US construction spending to drop
Construction spending on offices, shopping centres, hotels and industrial buildings in the US will fall this year and next as recession prompts businesses to delay or cancel plans, the American Institute of Architects said.
Non-residential construction may drop 11 per cent this year and five per cent in 2010, the Washington-based group said yesterday in its semi-annual Consensus Construction Forecast. The declines will follow an estimated eight to nine per cent gain in non-residential construction spending last year, the institute said.
As profits for businesses have fallen and the ability to get credit to finance projects has become far more difficult, construction plans have been put on hold or cancelled outright, Kermit Baker, the institute's chief economist, said in a statement. "This is not expected to turn around anytime soon and it's likely to get worse before it gets better."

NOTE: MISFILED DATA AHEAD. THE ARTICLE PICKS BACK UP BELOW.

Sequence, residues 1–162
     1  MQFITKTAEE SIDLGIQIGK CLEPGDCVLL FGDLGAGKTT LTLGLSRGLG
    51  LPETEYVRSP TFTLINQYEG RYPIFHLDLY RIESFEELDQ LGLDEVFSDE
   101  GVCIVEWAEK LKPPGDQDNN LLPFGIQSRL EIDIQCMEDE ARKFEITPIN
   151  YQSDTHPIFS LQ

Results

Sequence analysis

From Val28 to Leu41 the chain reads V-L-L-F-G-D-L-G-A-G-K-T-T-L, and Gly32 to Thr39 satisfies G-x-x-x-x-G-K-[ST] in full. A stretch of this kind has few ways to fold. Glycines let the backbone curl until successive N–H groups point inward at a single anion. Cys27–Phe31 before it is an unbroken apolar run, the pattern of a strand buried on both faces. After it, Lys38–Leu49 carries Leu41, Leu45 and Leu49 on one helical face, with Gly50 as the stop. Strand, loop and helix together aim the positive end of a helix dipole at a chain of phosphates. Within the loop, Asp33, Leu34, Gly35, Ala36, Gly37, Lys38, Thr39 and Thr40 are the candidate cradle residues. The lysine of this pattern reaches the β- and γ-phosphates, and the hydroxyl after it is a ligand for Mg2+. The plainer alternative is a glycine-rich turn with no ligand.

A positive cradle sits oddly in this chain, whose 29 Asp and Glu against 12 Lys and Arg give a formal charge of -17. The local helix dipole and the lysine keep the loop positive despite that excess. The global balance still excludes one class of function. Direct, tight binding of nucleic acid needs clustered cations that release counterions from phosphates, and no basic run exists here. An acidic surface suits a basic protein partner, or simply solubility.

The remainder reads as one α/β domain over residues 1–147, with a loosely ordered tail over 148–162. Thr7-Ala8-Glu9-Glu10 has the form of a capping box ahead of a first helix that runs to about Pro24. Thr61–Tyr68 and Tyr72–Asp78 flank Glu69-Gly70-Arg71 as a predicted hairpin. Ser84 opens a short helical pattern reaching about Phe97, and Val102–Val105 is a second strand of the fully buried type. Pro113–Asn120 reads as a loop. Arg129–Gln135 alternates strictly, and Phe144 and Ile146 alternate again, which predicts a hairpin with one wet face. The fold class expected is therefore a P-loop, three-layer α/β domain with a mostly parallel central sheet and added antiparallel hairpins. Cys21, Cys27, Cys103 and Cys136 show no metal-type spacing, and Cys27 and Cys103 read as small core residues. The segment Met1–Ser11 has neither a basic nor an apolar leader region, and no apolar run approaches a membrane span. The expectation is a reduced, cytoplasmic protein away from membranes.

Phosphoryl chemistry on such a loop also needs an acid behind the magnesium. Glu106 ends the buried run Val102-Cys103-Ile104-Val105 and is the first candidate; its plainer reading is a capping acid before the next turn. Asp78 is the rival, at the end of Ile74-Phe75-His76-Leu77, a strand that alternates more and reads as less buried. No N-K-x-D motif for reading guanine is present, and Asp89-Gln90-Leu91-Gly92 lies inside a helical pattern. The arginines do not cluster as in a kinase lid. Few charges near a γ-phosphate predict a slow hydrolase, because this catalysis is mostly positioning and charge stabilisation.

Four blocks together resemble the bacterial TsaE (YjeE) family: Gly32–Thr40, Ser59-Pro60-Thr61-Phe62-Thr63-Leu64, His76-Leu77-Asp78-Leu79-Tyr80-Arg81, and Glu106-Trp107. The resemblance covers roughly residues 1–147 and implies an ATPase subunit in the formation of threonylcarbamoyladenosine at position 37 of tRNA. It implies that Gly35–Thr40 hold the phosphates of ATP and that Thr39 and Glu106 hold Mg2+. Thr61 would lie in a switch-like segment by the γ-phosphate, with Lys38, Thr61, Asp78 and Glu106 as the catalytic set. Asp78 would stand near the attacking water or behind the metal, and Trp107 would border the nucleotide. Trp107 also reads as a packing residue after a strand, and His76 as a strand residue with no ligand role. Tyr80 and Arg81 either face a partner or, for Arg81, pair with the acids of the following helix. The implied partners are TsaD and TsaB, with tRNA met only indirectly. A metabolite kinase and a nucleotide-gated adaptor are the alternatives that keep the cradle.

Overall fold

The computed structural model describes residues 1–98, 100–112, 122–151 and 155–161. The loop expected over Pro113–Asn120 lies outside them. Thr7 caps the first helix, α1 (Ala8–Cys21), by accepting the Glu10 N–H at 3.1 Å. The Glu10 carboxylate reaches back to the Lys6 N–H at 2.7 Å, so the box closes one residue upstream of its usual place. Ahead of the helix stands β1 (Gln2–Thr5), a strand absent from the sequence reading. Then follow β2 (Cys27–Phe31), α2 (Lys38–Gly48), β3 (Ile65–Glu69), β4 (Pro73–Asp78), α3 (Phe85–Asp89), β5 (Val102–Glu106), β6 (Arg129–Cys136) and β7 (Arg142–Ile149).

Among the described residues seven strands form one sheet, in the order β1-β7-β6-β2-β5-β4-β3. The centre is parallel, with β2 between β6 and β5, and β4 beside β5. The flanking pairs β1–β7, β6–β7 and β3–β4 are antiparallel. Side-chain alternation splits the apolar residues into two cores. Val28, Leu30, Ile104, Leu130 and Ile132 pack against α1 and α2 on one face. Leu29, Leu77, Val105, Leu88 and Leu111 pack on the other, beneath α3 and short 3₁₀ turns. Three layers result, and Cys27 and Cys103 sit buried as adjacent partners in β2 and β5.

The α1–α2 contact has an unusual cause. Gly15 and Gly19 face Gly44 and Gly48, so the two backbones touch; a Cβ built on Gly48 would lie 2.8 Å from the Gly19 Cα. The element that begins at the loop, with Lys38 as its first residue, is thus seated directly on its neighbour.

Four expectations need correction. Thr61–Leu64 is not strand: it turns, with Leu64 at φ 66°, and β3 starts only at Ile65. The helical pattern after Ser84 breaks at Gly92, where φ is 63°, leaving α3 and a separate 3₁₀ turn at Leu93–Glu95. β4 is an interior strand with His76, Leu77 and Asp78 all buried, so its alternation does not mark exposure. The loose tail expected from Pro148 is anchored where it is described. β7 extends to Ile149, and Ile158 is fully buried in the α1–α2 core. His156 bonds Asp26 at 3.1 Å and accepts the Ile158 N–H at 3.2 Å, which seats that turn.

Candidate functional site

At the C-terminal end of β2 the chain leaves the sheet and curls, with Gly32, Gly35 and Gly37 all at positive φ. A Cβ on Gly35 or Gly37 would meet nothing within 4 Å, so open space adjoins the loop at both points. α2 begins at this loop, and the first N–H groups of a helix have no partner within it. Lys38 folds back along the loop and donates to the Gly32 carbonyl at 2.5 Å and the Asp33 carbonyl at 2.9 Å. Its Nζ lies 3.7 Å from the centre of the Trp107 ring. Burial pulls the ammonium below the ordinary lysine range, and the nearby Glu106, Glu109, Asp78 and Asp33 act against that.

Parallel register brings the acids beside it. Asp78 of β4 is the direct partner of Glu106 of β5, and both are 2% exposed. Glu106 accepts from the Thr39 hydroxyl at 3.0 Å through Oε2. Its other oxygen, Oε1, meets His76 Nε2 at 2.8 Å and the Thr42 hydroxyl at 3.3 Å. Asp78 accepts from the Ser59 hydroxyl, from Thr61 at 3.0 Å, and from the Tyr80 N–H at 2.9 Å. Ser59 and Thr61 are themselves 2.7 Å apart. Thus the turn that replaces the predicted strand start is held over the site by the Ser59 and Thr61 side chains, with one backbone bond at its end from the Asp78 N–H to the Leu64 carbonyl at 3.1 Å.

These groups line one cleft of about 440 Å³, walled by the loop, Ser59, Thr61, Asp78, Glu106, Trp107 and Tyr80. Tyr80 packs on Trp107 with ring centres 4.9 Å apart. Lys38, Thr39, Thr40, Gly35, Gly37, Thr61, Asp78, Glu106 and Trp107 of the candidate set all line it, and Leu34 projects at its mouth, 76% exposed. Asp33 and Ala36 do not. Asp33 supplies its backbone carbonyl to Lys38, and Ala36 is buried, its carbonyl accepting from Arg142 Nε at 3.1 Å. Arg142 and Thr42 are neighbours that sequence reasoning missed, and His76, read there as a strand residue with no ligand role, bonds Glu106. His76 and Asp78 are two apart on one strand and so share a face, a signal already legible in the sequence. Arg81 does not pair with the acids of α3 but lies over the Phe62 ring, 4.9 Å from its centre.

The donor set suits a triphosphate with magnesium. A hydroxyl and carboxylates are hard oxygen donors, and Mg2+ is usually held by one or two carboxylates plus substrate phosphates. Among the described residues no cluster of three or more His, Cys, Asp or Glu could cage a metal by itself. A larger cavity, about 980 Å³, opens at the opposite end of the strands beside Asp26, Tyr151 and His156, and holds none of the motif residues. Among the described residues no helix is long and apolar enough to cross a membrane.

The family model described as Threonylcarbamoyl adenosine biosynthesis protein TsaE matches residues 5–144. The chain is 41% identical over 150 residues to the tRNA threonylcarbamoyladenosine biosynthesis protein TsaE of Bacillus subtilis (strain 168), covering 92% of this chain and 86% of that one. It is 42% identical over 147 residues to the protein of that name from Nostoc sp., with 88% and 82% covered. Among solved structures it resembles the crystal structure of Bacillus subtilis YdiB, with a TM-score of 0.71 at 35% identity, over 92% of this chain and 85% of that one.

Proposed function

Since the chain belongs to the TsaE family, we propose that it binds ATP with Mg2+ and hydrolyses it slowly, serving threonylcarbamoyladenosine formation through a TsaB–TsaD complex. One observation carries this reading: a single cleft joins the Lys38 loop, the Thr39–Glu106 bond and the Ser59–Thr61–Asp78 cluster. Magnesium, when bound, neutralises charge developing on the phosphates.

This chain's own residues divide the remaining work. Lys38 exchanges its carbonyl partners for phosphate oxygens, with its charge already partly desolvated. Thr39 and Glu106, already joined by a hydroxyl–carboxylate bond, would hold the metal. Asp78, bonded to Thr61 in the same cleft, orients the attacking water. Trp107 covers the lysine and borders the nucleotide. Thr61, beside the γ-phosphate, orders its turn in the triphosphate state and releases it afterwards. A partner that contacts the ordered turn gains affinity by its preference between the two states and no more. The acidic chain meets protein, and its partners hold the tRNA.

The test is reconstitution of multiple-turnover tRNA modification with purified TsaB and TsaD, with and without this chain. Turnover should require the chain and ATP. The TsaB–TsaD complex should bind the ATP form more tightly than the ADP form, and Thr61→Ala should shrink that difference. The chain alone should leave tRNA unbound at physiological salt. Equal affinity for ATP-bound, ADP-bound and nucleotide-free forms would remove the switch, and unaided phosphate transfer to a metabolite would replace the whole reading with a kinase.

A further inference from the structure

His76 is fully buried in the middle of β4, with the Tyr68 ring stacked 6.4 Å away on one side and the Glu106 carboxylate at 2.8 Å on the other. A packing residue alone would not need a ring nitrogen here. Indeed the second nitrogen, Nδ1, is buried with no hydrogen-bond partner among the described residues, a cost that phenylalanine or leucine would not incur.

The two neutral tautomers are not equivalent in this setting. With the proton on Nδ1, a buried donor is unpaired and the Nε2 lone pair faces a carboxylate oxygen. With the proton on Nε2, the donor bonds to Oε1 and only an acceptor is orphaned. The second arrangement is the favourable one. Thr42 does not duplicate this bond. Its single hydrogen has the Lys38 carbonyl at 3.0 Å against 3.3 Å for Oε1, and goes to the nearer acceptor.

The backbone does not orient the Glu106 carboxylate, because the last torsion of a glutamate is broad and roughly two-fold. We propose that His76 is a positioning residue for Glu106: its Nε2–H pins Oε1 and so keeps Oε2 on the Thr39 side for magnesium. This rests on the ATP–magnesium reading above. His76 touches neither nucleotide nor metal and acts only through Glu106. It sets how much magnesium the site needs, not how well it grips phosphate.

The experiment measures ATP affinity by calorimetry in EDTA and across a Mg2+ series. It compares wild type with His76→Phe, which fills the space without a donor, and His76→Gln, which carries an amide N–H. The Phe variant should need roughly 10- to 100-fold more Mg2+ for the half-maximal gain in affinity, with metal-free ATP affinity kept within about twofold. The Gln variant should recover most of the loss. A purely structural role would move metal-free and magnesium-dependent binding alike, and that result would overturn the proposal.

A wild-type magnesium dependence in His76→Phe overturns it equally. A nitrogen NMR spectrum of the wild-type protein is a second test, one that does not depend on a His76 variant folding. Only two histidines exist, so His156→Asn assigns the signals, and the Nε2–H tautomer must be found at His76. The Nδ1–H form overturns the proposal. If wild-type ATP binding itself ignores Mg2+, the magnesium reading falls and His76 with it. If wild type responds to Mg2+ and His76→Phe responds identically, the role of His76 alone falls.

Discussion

Economists slashed forecasts for US growth in 2009. The world's largest economy will contract 1.5 per cent this year, a half percentage point more than projected last month, according to the median of 59 forecasts in a monthly Bloomberg News survey taken from January 5 to 12.
Construction of office buildings may drop 18 per cent this year and 11 per cent in 2010, the architects' institute said in its study.
Hotel construction probably will slump 20 per cent this year and 12 per cent in 2010. Construction of retail properties is forecast to fall 19 per cent this year and 6.6 per cent next year, and industrial construction is forecast to decline 11 per cent this year and 8.4 per cent in 2010, the institute said.
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